The proposal would have done away with the current 4.63 percent flat income tax rate, replacing it with a 5 percent rate on income up to $75,000 and a 5.9 percent rate on all income above that.
"Colorado families spoke loud and clear," said Kelly Maher, executive director of Compass Colorado. "We need substantive outcome-driven reforms to the educational system before we ask families and small businesses to foot a major tax bill."
A trio of oil and gas executives stood side by side with environmental activists and Colorado Gov. John Hickenlooper Monday as the governor announced a set of proposed rules to regulate emissions from the industry to improve air quality across the state.
As FOX31 Denver first reported Sunday night, the new rules, if approved by the state’s Air Quality Control Commission, would make Colorado the first state to regulate emissions of methane, a potent greenhouse gas that’s a big driver of climate change.
“This is a tough rule,” said Ted Brown, the CEO of Noble Energy, one of the biggest operators in Colorado. “But we support it because it’s the right thing to do — for our industry, for Coloradans and for our air.”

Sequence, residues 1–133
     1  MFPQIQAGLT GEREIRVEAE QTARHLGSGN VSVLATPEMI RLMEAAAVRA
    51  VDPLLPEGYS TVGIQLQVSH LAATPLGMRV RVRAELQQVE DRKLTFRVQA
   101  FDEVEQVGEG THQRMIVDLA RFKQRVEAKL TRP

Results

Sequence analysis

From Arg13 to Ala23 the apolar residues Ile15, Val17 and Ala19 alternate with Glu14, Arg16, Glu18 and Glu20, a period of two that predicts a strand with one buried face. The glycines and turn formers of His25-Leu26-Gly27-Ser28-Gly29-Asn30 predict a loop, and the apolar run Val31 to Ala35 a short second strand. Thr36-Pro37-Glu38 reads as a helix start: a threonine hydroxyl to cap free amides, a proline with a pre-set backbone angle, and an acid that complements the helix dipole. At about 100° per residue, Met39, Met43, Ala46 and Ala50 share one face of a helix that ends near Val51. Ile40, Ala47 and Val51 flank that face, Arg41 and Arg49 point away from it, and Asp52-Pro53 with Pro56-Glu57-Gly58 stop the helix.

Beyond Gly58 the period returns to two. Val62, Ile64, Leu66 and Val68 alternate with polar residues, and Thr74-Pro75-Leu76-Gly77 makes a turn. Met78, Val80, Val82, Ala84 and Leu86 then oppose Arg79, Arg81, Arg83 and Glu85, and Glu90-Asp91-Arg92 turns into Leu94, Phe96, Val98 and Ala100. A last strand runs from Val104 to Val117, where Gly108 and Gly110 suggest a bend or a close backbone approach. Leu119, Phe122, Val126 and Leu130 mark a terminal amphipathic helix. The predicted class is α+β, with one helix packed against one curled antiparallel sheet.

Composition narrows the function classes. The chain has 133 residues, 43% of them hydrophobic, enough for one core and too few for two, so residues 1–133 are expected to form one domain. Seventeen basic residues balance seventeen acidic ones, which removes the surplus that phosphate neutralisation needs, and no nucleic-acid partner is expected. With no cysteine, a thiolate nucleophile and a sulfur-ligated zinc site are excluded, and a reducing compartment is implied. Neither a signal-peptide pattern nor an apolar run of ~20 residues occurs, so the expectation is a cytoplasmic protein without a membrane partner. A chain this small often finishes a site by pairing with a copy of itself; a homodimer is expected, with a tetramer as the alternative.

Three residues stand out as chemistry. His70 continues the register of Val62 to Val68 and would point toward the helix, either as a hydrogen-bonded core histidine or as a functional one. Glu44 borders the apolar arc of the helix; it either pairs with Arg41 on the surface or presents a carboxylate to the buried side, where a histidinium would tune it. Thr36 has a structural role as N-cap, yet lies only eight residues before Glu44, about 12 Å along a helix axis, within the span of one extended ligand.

State Sen. Evie Hudak has decided to resign rather than risk facing a recall election that, should she lose, would flip control of the senate to Republicans.
Hudak, D-Westminster, could have been the third Democratic lawmaker to face a recall over a package of gun control bills they helped pass earlier this year.
"Most Coloradans believe that the convenience of high-capacity ammunition magazines is less important than saving lives in tragedies like Sandy Hook, Aurora and Columbine," Hudak wrote in her resignation letter. "That’s why I sponsored SB 13-197, a bill that takes guns out of the hands of domestic abusers. … By resigning, I am protecting these important new laws."AlertMe